BOSTON – Once an October hero around here, always an October hero.
The opposing manager in any World Series is typically booed long and lustily during pregame introductions. Dave Roberts of the Dodgers, to the surprise of no one, was the exception Tuesday night. When he was introduced at Fenway Park before Game 1, Roberts received a loud ovation.
That’s because, as longtime Red Sox second baseman Dustin Pedroia said, Roberts is an October legend in this city because of a somewhat famous stolen base.
“It changed history for this organization,” said Pedroia, limited to three games this season because of a knee injury. “If he doesn’t steal that bag, who knows what happens?”
Yankees fans have a pretty good idea.
It was the ninth inning of Game 4 of the 2004 ALCS at Fenway, and the Red Sox were beaten. They trailed the Yankees 4-3 entering the ninth, with the incomparable Mariano Rivera on the mound to close out a presumed sweep.
But Kevin Millar drew a leadoff walk and Roberts, 32, a trade deadline acquisition from the Dodgers, of all teams, was inserted a pinch runner for one purpose and one purpose only.
“That was his job, he’s coming in and everybody in the world knows he’s trying to steal,” said Pedroia, a second-round draft pick of the Red Sox that June who was playing in the Arizona Fall League at the time. “I remember thinking, ‘Man, do you know how hard that is?’ It’s a lot to ask.”
Roberts barely stole second – Jorge Posada threw a dart and Derek Jeter’s swipe tag was a millisecond late – and scored the tying run on a Bill Mueller single up the middle moments later. The Red Sox would win in 12 innings, the start of a historic comeback from an 0-3 series deficit, leading to their first World Series title in 86 years. The Red Sox have won three rings since Roberts’ steal; the Yankees have won one.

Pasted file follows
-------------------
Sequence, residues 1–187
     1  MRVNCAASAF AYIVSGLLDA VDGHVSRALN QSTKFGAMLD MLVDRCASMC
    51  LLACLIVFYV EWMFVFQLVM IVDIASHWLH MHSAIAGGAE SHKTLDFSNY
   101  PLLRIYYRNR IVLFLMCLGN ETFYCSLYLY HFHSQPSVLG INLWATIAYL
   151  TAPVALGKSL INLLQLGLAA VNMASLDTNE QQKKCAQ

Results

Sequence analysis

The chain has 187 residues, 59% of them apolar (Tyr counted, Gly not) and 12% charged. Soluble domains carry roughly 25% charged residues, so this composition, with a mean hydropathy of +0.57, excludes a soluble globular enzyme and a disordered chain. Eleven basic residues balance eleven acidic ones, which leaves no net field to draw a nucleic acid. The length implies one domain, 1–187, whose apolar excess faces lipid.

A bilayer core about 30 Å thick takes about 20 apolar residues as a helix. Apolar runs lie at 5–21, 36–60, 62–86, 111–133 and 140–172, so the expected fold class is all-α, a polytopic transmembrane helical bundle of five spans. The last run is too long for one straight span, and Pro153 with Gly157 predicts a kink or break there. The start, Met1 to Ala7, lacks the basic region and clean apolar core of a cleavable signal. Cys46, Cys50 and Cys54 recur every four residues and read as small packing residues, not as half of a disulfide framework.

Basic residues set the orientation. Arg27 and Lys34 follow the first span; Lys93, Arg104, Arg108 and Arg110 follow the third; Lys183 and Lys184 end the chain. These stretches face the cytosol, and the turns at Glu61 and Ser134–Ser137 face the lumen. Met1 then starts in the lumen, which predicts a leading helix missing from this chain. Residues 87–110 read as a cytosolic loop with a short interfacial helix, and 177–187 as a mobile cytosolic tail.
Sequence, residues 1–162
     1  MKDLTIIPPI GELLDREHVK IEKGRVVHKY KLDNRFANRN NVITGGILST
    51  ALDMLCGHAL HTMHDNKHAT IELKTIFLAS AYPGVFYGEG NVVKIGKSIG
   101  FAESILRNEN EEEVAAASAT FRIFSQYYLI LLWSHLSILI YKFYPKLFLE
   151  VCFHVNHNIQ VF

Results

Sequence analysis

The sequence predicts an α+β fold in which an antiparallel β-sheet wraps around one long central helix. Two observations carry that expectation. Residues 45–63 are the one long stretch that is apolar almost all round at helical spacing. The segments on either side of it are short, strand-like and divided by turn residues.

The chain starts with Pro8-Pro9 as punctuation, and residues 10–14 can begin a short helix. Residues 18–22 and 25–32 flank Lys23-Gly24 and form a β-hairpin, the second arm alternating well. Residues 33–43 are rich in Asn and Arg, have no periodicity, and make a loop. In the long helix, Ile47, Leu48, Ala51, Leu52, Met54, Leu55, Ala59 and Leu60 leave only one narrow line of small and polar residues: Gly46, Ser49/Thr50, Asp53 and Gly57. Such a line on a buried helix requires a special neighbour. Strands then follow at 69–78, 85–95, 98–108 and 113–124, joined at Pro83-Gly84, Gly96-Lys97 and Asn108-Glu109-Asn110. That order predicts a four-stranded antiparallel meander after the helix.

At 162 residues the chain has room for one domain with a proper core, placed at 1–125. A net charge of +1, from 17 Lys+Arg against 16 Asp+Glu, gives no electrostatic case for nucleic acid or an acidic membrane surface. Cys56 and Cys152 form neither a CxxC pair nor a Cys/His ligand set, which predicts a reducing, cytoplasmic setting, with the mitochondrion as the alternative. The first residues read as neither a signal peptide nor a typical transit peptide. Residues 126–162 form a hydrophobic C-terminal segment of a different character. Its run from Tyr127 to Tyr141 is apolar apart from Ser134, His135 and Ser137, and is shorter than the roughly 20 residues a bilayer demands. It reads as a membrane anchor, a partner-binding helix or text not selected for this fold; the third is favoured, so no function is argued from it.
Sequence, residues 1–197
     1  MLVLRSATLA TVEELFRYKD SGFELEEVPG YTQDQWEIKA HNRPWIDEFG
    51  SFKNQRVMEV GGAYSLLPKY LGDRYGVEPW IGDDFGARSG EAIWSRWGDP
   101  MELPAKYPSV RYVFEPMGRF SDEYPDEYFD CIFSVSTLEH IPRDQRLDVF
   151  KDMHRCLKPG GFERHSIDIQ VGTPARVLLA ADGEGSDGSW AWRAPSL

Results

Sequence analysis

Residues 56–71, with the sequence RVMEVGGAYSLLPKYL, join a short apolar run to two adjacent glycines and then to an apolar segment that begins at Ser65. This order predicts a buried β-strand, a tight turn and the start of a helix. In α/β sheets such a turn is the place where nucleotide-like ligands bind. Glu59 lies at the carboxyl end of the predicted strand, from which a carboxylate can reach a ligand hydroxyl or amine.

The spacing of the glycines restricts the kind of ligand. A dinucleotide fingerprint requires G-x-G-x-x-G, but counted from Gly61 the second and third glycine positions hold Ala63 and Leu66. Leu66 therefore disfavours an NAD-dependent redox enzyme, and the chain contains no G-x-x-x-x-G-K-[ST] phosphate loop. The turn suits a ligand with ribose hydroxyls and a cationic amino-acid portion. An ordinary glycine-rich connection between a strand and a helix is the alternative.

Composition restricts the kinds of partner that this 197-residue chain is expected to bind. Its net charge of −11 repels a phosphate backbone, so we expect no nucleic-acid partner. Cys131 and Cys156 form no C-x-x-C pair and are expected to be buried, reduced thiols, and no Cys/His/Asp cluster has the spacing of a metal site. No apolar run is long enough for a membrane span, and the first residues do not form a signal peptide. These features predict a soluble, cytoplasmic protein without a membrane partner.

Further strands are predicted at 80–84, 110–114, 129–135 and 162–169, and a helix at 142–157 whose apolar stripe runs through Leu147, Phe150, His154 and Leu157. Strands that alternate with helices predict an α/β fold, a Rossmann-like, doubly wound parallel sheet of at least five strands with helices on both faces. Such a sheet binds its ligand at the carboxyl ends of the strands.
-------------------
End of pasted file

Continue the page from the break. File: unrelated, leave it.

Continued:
Roberts and Red Sox manager Alex Cora were teammates on the ’04 Dodgers and are close friends. Cora recalled Roberts not being thrilled about being traded across the country. The Dodgers, after all, were postseason-bound that season as well, though they would end up losing in the NLDS to the Cardinals in four games.
“I still remember, he was crushed,” Cora said. “That [the Dodgers] was a good baseball team. And they decided to make a few moves, to say the least. And he was part of it. I remember, I told him, I said, ‘Hey, man, you're going to a great city. They have a chance to do something special. You never know.’ And all of a sudden he's signing for a lot of money here.”
Roberts laughed when that comment was relayed to him.
“Probably not as lucrative as Alex made it sound,” he said. “It is great coming back to this great city. I've got nothing but great memories, even flying into Logan [International Airport] and just this time of year, this city, the leaves changing. And then you drive up to Fenway Park and it all just kind of comes back to you, 2004.”
Roberts said hardly a day goes by that he isn’t reminded of the play, which he embraces.
“I think the key that I've really grown to appreciate is it's not about me,” he said. “I understand that it was a big play for me, for the Red Sox and our club in 2004, but understanding that everyone has a moment. That moment is special to them or whoever they're with, and however they identify that play with that particular moment. And for them to want to share that with me, that's pretty humbling.
"So I've really grown to love to hear the different stories. I've heard stories of parents on their deathbed and got to see it, and then finally gave way once they saw us win a championship. And it doesn't get more impactful or heartwarming than that."
The stolen base remains frozen in time here – Pedroia joked that he’s seen it “thousands of times” – as it is often part of any prolonged highlight reel that plays at Fenway.
“We see it all the time here now because it was such a big play in Red Sox history,” Red Sox utilityman Brock Holt said. “It’s funny to see Dave Roberts now trying to beat us in the World Series. I think it’s a pretty cool story.”